Outdoor Education (continued)

On the Friday both teams completed their required briefings and scrutiny. The team then had to plan their route after being allocated Route G. Planning went well and the team developed an excellent strategy to get around the moor.

Saturday 5am we were awoken by a blaring chariots of fire soundtrack and made sure the team were ready and fed to undertake their challenge. We made our way up to Anthony Stile for the Ten Tors prayer and some inspiring words from the Officer Commanding the exercise. The cannon sounded and the team were off, in what was a sea of young people sprinting to get onto their routes.

sprain I have seen in my professional career and I’m disappointed the people supervising did not help by crashing them out because they must have been in a great deal of pain.

The team got into camp and settled for the evening and were determined with their start in the morning making excellent time to their first tor especially with an injured member. Sadly the team were crashed out upon getting to the Dartmoor Holming beam due to not making the required time. From a professional perspective, I feel that if the first aiders made a better decision regarding the twisted ankle this team would’ve completed the challenge. We are very proud of them, especially with them demonstrating leadership and teamwork to take care of their injured team mate.

Mr Fairnington, Outdoor Education Leader


Miss Hervey and I had the pleasure of joining the Jubilee Team on their bronze challenge. A 5.30 early morning start saw the team of 6 groggy but excited. By 7.30 we were at the start of the line with the boys raring to go. Sharing two large rucksacks between them, full of water, extra food and plenty of sweet treats, they began in high spirits.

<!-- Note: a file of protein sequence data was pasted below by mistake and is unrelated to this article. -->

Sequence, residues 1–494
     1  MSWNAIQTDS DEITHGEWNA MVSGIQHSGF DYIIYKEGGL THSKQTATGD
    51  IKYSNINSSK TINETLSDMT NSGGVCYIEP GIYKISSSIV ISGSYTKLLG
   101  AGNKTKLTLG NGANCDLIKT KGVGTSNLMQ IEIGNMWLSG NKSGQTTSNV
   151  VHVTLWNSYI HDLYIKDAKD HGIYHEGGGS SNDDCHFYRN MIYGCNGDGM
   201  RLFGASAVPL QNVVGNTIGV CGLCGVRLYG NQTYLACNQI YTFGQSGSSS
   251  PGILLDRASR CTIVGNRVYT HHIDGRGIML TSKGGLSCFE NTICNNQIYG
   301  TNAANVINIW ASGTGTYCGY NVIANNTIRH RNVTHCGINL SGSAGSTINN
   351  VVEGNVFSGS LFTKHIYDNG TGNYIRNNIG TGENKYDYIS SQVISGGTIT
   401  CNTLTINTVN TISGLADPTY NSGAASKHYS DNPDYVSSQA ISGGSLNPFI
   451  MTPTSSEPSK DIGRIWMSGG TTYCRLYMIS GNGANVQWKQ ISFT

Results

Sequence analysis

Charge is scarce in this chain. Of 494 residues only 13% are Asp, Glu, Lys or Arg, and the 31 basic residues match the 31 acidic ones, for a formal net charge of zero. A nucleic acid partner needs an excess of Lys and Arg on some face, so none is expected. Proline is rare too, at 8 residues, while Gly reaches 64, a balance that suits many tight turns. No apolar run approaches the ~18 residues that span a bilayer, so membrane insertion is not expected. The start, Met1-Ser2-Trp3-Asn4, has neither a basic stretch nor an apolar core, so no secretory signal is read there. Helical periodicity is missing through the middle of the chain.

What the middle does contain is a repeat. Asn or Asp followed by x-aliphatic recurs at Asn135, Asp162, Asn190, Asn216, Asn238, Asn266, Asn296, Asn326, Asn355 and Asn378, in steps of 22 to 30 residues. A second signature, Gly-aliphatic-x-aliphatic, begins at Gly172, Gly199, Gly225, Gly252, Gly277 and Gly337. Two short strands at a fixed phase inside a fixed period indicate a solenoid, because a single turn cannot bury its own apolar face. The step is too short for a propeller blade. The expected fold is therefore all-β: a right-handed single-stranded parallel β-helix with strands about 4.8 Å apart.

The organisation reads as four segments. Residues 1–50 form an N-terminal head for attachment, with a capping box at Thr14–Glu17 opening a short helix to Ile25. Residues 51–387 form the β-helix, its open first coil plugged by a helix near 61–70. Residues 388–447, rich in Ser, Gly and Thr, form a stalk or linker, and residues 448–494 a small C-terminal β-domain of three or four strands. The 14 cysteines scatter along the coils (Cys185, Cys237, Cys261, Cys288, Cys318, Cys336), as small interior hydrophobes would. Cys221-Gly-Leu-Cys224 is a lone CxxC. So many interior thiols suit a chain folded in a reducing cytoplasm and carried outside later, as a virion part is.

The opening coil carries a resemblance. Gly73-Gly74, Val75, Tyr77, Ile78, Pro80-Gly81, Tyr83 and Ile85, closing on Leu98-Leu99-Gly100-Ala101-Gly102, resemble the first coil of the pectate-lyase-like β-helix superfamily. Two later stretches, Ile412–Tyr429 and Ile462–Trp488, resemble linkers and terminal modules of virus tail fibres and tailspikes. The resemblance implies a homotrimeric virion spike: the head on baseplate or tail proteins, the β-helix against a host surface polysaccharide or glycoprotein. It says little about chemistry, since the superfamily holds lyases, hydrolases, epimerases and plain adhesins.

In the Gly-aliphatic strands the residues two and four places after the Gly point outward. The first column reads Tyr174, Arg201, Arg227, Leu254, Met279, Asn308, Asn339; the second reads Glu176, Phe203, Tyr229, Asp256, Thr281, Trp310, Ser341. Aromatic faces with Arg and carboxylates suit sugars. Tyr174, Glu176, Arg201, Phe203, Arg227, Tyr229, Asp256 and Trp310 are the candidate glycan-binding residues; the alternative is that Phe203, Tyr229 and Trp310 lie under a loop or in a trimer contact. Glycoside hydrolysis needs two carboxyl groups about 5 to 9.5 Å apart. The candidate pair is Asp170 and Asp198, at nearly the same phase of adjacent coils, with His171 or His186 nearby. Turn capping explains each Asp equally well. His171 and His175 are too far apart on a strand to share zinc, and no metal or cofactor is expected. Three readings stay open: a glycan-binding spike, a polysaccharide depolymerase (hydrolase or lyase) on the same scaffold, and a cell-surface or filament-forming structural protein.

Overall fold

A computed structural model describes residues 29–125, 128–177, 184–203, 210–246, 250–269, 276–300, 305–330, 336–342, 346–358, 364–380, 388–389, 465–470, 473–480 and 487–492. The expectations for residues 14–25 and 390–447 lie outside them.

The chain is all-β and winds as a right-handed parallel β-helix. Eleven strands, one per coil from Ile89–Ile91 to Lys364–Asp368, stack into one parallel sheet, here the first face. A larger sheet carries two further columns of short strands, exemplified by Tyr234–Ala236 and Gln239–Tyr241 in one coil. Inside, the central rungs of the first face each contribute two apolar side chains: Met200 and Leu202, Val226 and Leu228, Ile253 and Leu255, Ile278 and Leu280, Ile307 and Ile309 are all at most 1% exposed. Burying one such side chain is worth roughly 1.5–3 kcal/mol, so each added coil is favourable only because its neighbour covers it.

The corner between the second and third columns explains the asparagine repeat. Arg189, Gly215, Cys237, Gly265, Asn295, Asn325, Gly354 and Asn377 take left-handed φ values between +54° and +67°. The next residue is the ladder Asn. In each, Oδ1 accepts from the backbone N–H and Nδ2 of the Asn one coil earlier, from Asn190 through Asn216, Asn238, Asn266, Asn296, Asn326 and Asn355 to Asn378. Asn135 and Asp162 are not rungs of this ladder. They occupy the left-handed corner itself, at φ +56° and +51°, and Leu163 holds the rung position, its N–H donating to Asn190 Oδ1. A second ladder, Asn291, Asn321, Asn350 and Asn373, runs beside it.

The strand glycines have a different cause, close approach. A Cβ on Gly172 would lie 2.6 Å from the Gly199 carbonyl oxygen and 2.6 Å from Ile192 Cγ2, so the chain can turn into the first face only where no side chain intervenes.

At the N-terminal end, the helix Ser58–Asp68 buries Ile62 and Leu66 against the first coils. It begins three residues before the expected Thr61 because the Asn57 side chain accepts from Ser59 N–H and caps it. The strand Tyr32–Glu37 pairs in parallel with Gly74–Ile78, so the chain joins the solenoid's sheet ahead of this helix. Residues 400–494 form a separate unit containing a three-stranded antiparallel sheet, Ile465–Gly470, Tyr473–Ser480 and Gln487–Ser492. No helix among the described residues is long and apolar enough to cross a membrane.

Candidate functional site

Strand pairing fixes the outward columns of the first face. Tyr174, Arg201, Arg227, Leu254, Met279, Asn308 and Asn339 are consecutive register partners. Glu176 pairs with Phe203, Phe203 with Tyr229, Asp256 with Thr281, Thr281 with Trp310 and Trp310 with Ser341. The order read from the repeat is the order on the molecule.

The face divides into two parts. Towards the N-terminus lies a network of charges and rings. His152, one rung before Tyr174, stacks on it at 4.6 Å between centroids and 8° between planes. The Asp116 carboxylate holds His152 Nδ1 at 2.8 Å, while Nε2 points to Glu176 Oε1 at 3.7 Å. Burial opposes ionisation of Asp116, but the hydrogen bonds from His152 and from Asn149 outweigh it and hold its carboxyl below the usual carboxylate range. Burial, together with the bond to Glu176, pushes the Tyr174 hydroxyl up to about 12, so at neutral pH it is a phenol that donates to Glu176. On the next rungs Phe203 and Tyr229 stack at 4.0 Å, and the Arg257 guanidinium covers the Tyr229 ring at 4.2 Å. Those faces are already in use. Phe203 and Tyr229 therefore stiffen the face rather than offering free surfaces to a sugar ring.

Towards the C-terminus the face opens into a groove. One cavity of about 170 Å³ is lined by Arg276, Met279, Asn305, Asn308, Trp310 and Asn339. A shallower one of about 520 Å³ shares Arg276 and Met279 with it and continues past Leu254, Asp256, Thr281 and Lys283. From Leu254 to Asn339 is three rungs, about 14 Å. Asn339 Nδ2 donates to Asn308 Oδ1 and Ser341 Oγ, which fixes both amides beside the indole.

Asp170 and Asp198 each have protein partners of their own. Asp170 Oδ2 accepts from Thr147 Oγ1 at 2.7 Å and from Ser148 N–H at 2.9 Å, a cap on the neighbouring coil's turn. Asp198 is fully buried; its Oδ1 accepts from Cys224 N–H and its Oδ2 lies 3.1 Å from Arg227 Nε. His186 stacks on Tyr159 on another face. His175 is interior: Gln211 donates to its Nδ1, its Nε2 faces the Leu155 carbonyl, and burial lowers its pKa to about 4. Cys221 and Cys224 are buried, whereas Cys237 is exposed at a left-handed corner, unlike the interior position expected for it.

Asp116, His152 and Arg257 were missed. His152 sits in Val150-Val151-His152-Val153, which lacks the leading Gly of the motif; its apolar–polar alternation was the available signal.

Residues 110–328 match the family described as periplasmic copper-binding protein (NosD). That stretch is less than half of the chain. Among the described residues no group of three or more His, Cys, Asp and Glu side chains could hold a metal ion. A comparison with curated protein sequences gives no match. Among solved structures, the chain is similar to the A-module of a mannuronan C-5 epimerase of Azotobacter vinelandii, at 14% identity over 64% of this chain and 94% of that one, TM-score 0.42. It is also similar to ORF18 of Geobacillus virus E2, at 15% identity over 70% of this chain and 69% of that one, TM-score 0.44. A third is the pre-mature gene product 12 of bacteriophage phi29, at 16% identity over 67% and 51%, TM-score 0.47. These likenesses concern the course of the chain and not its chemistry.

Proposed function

Initially there was tracker difficulty, a cause for concern for us at base camp but this was resolved and we were able to keep track of the team and what they were doing but cannot be exactly sure of their timings along the route. Having reviewed the data the team did a good job of following their route with only a couple of errors. With a team member becoming injured early on with a twisted ankle the team demonstrated excellent team work, supporting them by removing weight on their pack and encouraging them. The injured member did a great job to keep going with what was is the worst

The foggy, downcast moor never once fazed them, chatting laughing and imagining themselves crossing the finish line like heroes. Reaching the halfway point saw them really blend as a team; checking if everyone around them was warm enough and had enough to eat and drink. The outstanding team took us all by surprise when we reached checkpoint 6 and found there was no one to stamp their card. Their incredible pace had resulted in beating the Jubilee Volunteers to their own checkpoint! They all found a fresh burst of energy and after a quick lunch, we soon saw the last checkpoint over the brow of the hill.

With the challenge drawing to a close the team pulled together and decided to cross the finish line as a team. They turned the final corner into Oakhampton Camp and the spectators cheered and clapped, the team beaming from ear to ear. In the last second, Jack leapt forward in front of the team and finished first. It was a test to their rapport, but in true team spirit

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